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The Fethard Story


By Doirin Mhic Mhurchu

There is one city in Europe which since the 1400s has known and accepted the Irish; a city where little bits of Ireland remain unforgotten; where, when you speak English, they do not ask the inevitable question: “Are you English” but rather the more gratifying “You must be Irish.” It is the old, beautiful university city of Louvain, now officially known by its Flemish name-Leuven.

Since 1425 when the university was founded, the Irish have gone in their thousands there. For over five and a half centuries they went, and are still going, to this beautiful city on the River Dyle in Flemish Belgium. The Irish influx began practically with the founding of the university. Denied education at home, hunted and persecuted, young Irishmen who wanted to further their education (most of them with a view to entering the priesthood) made their painful and perilous way here to get their degrees.
Later, with the founding of the three Irish colleges in the city, the most famous of which is the Franciscan College of St. Anthony of Padua, the influx of Irish increased so that Louvain became a centre of piety, learning and scholarship.
The university had many illustrious Irish students, several of whom later became professors there. one of them was the martyred Archbishop of Cashel, Dermot O’ Hurley. Unfortunately, due to air raids in the two world wars, the records which would have given us a comprehensive vision of the Irish student enrolment over the centuries, were destroyed. But some names we know, and one of the most illustrious ever was a Tipperary man, Thomas Stapleton of Fethard.
The Fethard Stapletons were a noted family. In 1619 after the first Irish Students in Seville had all died of the Plague, Theobald Stapleton walked from Lisbon, where he was a student, to Seville, and re-established the Irish College there. he was aided in his venture by two other young Tipperary men, Charles Ryan and James Kearney who became the first superior of the Seville College, and was possibly one of the well-known Cashel family of that name.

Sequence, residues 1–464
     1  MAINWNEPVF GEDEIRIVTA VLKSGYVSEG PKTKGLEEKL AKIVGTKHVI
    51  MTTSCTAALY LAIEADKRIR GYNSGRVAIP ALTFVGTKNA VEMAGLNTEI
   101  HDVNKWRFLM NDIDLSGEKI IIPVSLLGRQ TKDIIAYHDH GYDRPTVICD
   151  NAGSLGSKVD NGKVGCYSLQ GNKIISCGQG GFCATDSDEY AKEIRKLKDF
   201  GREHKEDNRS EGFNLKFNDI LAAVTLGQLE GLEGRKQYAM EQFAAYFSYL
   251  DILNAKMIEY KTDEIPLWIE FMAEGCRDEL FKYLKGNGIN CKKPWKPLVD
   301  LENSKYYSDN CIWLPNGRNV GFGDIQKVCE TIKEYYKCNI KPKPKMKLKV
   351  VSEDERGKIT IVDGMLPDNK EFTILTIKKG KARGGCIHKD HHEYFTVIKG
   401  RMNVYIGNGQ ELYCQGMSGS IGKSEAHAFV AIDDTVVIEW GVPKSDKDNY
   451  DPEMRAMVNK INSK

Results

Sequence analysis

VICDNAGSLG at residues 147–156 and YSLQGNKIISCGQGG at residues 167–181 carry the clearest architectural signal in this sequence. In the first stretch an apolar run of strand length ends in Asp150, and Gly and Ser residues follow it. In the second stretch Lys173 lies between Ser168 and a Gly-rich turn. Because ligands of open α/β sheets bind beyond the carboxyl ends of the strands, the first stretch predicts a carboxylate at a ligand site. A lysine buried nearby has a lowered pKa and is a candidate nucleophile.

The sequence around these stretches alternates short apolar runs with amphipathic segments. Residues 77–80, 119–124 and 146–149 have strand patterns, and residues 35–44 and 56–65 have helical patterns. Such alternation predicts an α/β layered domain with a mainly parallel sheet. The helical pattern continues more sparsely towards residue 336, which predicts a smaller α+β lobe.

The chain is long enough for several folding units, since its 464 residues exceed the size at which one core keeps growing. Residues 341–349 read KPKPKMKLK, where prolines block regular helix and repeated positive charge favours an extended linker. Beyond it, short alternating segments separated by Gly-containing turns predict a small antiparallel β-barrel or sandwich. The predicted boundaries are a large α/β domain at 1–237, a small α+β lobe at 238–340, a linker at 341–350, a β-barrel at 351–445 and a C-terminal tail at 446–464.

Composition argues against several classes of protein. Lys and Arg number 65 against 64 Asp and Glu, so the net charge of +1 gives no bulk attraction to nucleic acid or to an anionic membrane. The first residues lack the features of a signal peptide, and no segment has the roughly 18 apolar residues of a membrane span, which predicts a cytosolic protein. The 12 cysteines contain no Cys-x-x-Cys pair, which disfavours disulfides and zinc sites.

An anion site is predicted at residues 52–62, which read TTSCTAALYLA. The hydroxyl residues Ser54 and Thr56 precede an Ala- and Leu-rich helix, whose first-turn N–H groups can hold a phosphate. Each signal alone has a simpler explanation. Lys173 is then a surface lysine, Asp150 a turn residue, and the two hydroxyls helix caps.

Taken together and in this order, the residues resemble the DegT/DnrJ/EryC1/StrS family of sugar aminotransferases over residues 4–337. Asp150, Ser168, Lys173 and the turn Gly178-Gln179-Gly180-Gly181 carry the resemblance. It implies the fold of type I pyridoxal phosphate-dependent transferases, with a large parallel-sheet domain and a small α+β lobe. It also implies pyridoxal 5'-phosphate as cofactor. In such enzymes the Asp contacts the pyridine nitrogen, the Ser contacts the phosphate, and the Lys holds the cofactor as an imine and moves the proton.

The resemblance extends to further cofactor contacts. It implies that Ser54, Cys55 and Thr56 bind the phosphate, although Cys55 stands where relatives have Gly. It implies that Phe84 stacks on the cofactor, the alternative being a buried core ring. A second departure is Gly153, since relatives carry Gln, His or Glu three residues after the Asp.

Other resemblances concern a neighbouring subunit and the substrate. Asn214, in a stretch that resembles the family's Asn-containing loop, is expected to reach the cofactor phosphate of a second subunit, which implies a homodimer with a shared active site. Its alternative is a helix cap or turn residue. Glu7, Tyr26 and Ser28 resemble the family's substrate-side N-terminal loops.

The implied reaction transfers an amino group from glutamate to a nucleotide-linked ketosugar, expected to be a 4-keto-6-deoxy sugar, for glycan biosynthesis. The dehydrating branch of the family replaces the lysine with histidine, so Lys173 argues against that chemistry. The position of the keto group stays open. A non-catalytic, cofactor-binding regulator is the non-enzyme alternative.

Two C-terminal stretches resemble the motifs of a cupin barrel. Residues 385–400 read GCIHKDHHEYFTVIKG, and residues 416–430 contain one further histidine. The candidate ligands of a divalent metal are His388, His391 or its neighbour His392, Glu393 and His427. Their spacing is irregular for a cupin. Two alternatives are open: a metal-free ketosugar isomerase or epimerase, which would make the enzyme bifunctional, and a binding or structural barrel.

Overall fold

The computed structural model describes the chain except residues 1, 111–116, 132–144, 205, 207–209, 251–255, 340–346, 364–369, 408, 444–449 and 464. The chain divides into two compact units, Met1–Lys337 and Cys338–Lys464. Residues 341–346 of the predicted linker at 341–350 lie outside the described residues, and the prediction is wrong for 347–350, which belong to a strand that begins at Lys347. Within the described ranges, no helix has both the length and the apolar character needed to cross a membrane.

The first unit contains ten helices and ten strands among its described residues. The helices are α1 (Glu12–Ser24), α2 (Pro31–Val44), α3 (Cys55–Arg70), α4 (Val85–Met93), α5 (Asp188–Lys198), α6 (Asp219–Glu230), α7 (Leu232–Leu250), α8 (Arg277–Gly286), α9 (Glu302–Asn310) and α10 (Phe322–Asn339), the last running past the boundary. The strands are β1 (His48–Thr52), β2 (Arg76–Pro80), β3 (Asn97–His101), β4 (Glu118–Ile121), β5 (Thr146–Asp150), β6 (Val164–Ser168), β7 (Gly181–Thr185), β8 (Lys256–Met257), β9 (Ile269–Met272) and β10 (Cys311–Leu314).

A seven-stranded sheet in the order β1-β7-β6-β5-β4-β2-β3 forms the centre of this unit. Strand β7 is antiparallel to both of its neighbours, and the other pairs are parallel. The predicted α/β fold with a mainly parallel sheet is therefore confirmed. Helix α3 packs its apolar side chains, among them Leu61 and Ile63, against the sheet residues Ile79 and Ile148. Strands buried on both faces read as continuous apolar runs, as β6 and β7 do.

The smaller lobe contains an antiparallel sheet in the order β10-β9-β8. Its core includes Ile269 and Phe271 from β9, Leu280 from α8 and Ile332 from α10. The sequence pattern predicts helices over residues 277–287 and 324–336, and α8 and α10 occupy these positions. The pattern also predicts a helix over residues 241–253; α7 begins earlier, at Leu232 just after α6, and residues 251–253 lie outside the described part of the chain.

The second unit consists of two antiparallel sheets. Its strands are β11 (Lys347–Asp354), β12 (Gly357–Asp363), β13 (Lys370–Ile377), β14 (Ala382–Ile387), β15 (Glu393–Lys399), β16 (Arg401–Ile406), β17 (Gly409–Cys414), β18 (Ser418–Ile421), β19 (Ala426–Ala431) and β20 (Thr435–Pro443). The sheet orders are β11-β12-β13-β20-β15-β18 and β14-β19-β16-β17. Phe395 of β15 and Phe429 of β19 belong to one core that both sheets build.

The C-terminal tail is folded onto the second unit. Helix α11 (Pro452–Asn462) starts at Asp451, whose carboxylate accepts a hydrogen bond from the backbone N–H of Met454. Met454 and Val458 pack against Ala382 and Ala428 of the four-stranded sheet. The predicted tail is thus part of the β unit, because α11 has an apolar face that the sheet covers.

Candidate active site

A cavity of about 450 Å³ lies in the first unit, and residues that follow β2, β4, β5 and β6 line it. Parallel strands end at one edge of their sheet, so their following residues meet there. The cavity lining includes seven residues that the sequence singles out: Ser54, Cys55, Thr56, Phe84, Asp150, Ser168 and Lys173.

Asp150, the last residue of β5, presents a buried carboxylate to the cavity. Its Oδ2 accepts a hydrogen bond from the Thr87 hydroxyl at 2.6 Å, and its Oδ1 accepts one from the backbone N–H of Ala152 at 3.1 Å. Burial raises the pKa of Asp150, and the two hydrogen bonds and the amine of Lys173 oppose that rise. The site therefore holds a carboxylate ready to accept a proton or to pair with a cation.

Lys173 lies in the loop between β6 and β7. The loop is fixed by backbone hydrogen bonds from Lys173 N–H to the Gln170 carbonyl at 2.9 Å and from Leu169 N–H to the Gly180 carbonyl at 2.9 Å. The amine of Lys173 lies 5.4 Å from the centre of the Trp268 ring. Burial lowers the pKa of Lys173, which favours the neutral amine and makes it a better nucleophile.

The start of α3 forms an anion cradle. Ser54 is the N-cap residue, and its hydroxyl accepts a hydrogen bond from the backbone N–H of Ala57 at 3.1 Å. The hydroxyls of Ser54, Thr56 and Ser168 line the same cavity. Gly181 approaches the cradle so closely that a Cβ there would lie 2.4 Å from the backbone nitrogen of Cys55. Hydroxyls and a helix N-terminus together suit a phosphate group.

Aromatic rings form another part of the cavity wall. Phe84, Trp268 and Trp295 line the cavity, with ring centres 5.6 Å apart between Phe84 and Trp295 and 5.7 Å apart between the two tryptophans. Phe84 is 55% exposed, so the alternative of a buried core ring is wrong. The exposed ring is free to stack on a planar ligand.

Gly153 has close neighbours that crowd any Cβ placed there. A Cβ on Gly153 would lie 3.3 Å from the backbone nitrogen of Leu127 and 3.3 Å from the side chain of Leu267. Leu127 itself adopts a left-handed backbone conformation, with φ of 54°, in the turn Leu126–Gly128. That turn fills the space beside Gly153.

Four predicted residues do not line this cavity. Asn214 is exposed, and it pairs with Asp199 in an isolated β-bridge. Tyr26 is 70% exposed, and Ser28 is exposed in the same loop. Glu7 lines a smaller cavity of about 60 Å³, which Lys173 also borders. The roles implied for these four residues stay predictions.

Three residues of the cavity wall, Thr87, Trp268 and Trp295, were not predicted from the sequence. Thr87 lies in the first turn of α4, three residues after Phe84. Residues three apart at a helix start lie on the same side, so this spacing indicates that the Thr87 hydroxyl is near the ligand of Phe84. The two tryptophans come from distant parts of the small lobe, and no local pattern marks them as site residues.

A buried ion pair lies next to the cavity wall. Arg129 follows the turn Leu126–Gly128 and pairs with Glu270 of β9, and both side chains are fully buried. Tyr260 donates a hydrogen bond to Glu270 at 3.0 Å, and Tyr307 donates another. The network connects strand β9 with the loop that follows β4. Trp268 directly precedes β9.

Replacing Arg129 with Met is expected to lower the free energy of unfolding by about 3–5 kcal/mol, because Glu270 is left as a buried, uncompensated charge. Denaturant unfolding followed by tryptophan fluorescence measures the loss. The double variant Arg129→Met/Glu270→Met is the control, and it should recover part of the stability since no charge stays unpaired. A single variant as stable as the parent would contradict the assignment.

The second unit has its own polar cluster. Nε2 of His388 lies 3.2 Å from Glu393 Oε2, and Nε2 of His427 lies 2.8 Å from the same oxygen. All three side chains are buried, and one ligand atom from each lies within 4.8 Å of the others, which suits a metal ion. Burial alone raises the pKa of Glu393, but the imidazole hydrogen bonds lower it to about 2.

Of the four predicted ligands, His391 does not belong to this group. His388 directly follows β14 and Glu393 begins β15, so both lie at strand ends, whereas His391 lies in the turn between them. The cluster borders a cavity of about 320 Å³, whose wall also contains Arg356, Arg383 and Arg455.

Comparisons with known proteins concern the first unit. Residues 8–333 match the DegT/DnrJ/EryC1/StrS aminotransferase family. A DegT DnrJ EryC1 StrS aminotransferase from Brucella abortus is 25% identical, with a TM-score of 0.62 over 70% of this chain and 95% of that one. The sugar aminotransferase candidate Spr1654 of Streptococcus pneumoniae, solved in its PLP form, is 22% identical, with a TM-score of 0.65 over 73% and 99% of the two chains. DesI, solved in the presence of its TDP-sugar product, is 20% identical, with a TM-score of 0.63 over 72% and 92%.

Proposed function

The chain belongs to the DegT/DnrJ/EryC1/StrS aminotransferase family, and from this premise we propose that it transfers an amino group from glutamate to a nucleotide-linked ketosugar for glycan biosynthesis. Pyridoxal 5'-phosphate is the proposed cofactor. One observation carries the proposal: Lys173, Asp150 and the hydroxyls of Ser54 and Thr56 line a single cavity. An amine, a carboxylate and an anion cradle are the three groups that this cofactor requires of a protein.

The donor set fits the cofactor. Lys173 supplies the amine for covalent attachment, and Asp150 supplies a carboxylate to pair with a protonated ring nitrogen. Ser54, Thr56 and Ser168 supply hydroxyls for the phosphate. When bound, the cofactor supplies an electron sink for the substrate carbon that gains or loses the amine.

Our Thomas was a 17th century student of the Pastoral College, Louvain, established in 1624 to cater for those Irish students who wished to be secular priests. The Franciscan College was already well-established, the Dominican yet to come 35 years later. Thomas would appear to have studied in the Pastoral College during its early years. Today no trace at all of this college remains. Vital Decosterstraat where it stood is now a street of banks, building societies and expensive apartments.

The Greatest Honour
A brilliant young man, he took doctor’s degrees in the university in both civil and canon law and presumably it was at the Pastoral College he was ordained during this time. He was appointed firstly as ordinary Professor of Canon Law, and later as President of the Mylian College at the university, where he must have lectured to many young Irishmen. The greatest honour was still to come. He was made Rector Magnificus, or head of the university, and was re-appointed a further nine times. This was a record- the only time that anyone was ten times in this position. Other Irishmen who held this position over the years were Aodh Mac Bradaigh from the North and Peter Wadding SJ from Waterford.
So much for Thomas Stapleton the academician. But what about Thomas, the man from Fethard? The plain truth is that we know next to nothing about him. He died on August 14th 1694 in his alma mater, the Pastoral College, and was buried in Sint Pieter Kirk (St. Peter’s Church) in the Groote Market, or main market place. His tomb is there, not far from that of another Munsterman, a fellow student with him as the Pastoral College, and a contemporary professor, Matthew Tighe of Co. Limerick.
I spent a week in Leuven last August, staying at the Irish Institute for European Affairs (formerly St. Anthony’s Franciscan College) and one of my first objectives was to visit the tomb of Thomas Stapleton, which I knew, from Cardinal O Fiach’s book, “Gael-Scrinte I gCein,” had a very elaborate monument.

Where was it?
The day after I arrived I headed for St. Peter’s. The outside was festooned with scaffolding, only a side door was open. The Cardinal had mentioned that Stapleton’s tomb was just to the right when you came in the main door. But where was the main door? It and a large section of the church was partitioned off while bangs, clangs and hammerings came from behind the partition. Thomas Stapleton and Matthew Tighe, whose monument was left of the door, had both disappeared as builders worked on renovation to the 12th century church.
The beautiful Sedes Sapientiae statue, Our Lady Seat of Wisdom, which had been there at the time of the Flight of the Earls, was still there. The Historian, Tadhg O Cianain, who accompanied O’ Neill and O’ Donnell in 1607, described this statue and the church “with its half a hundred of honouring altars and painted pictures, the service of God perpetually on each altar of them.” A picture of the statue is today used as a symbol of the university.
After a prayer for all the Gaels past and present who ever came here, I went exploring. The main part of St. Peters is open as a Catholic Church. Behind the high altar there is a glassed-off section which is a museum. Surely someone there would know where the tomb of Thomas Stapleton was!
I had been warned not to speak French except as an absolute last resort. The citizens of Leuven are Flemish, and intensely so. However, as nearly everyone learns English at school, I was advised to try that first. The girl selling tickets called over an elderly man who seemed to be the curator- “he speaks English

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